The tower built by Grand Master De Redin consisted of two floors, the ground floor used for storage of cannon balls and gun powder while to upper floor used as living quarters for the torriero or commander of the tower, three soldiers and a bombardier acting as reinforcement. The guards reached the upper floor by means of a rope ladder and climbed up to the roof by means of a spiral staircase. They accessed the ground floor by means of a rope or ladder. The external wall of the ground floor is scarped up to the cordon. A machicolation on the East side of the tower is remnant of medieval fortifications through which stones or burning objects/liquids were dopped on attackers. Some earlier towers, such as St Paul’s Tower built during the reign of Grand Master Wignacourt, had machicolations but this is the only one of the 13 De Redin towers which was built with one.
Other minor defensive posts built during the period of the Order of St John include batteries, redoubts and entrenchments. In 1714 and 1715 reports were forwarded by Knights D’Arginy and Fontet accompanied by second Engineer Bachelieu. The works proposed had to be planned and supervised by expert military engineers. In February 1715 French military engineers headed by Brigadier Louis Francois d’Aubignè de Tignè and Charles Francois Mondion as Second-in-Command visited the islands to enhance the defences of bays. In April the Grand Prior of France, Philippe de Vendome joined the engineers. Tignè was in favour of strengthening the harbour fortifications in Cotonera, Sta Margherita, Ricasoli and Floriana. Vendome was more inclined towards the strengthening of the coastal defences and offered to donate money for their erection as well as a loan without interest. The latter strategy was preferred and adopted. A 1720 map by Charles Amadeus de Berey gives us a clear indication where these batteries and redoubts were located. This was during the reign of Grand Master Perellos. The Aħrax tower was strengthened with the addition of a blockhouse which still lies adjacent to the tower. It was further protected by the construction of walls with musket holes of which only part of one survives. A 1918 plan prepared by the Naval Authority shows the shape and position this wall had. One of these projected from the South East corner of the tower while the one which still exists projects from the North East corner of the tower. A ditch which was armed with 8 cannon, but with no embrasures, further protected the whole site.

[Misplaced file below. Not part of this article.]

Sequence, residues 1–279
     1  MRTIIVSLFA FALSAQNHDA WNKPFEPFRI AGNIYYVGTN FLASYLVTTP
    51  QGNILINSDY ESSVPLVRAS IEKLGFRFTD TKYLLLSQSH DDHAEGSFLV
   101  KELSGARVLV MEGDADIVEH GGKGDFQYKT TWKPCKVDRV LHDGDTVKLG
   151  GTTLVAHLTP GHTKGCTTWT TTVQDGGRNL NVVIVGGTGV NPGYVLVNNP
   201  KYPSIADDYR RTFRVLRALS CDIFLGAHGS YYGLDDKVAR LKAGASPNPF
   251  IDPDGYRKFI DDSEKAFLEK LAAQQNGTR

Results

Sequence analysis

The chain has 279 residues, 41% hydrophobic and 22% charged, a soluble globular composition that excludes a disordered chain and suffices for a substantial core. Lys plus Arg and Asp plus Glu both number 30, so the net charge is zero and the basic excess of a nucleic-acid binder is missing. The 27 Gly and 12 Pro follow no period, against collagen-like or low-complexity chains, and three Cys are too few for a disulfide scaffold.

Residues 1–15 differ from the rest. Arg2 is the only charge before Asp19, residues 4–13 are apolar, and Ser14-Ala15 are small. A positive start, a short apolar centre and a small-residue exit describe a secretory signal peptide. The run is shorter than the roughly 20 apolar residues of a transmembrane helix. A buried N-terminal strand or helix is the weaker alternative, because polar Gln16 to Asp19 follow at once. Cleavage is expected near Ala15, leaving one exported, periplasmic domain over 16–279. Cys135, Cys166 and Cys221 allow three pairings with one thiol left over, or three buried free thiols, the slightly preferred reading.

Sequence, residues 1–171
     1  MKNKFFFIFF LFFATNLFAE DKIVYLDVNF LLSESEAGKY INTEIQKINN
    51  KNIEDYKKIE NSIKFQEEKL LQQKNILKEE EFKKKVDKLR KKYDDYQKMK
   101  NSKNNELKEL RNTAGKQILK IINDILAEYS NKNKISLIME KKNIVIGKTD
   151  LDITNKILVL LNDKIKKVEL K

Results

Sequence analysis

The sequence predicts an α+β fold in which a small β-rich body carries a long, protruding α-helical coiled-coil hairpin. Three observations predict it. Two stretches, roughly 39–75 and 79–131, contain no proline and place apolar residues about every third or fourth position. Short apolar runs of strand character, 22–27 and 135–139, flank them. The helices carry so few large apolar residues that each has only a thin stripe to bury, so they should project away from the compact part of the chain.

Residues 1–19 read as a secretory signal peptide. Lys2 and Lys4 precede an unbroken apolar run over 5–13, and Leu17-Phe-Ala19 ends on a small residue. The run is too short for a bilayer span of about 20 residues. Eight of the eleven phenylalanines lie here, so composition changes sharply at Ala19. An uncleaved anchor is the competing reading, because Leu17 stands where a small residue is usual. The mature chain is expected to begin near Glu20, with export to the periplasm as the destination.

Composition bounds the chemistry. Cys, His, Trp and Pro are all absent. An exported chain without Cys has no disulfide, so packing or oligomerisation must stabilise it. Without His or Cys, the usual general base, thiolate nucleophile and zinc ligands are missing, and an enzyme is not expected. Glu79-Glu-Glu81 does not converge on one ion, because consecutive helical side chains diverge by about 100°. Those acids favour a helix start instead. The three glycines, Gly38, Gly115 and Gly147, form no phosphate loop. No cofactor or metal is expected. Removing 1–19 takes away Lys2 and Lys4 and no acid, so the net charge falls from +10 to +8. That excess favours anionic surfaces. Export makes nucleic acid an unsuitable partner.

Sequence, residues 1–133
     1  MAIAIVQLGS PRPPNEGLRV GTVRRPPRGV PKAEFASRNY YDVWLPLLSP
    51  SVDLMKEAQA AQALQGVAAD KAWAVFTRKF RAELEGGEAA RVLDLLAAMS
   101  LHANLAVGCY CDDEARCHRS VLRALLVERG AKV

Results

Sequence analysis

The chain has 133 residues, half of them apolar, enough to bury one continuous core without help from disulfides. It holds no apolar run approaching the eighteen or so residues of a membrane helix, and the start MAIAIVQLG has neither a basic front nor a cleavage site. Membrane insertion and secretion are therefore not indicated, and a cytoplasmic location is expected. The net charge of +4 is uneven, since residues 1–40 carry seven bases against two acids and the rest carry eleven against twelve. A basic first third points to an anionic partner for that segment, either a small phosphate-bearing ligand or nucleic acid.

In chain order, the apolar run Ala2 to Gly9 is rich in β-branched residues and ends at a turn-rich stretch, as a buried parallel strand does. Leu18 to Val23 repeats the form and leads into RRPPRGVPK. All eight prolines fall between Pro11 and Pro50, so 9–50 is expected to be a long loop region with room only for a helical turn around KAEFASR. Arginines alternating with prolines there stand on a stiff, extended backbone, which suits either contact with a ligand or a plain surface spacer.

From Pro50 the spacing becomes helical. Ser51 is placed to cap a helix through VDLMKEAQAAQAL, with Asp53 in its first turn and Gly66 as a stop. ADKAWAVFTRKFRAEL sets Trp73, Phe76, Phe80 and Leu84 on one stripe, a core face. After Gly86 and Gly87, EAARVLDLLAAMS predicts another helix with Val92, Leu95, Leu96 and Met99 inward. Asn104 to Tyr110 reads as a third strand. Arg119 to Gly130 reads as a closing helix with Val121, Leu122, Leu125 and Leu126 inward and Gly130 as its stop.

The blockhouse and battery cost 544 scudi, 11 tari, 10 grani, and 3 piccoli. These were spent on the walls of the counterscarp, smoothing of the rocks, excavation work, transportation of material and 4 arches of the blockhouse and feritori which in military terms means embrasures or musket holes. Close examination of the low parapet wall of the ditch does not reveal the presence of any embrasures but it is possible that these feritori were embrasures or musket holes in the redan walls which do not exist any more.
The inside and the surrounding walls of the ditch were full of overgrowth, planted trees and some fruit trees. The trees were planted to offer more privacy to the tenants of the tower and surely not for military and defensive reasons! Din l-Art Ħelwa applied to the relevant authorities to clean the ditch overgrowth. The ditch is partly excavated in rock and partly built and the roots of the trees severely damaged the surrounding walls of the ditch.
The upper floor of the tower can be independently reached via a staircase from an entrance on the South wall of the blockhouse. The blockhouse is in turn accessible from an entrance on the West wall and from here one can access the ground floor of the tower from an arched passage cut through the thickness of the Western wall of the tower. This arrangement allowed the building to be divided into two separate parts.
Following the news that the plague hit nearby Messinas, in June 1743 Grand Master Fra Don Emmanuel Pinto sent inspectors composed of Jurats (one from the Universita` of Notabile and one from each Universita` of the cities of Valletta, Vittoriosa and Senglea) to report on the conditions of the coastal towers which by this time had lost their military role but assumed other equally important roles against smuggling and stopping anyone from landing against permission especially for security and sanitary reasons. From this inspection we learn that the tower was manned by a commander (torriero) who received a salary of 2 scud 6 tari monthly, three soldiers with a salary of 2 scud monthly and a bombardier acting as reinforcement. They were paid by the Universita`of Notabile and were under the command of the Senescalco in Valletta. It was noted that the tower was not provided with a bell and that the well was about 30 paces away. The tower was in a good state and had been pointed and white washed some time before the inspection. The tower was armed with 2 five pounder (French) bronze cannon, length of bore 6 feet, two inches 6 lines (French), diameter at the touch hole 11 inches 6 lines, diameter at the trunnions 10 inches (French), bore 7 inches 4 lines (French), two gun carriages which were unserviceable, 4 unserviceable trucks with two iron axles, 2 swivel gunsmith stand (Falconets), 4 muskets, 8 staffs with rammers and wooden sponges, 1 brass ladle for gun powder, 1 worm to extract wadding and gun powder, 1 hand-spike to traverse and elevate guns, 1 vice, 4 beds, a flag pole, 16 iron cannon balls, 1 rotolo fuses, 1 retolo lead bullets, 10 rotoli gun powder and 2 arm stands.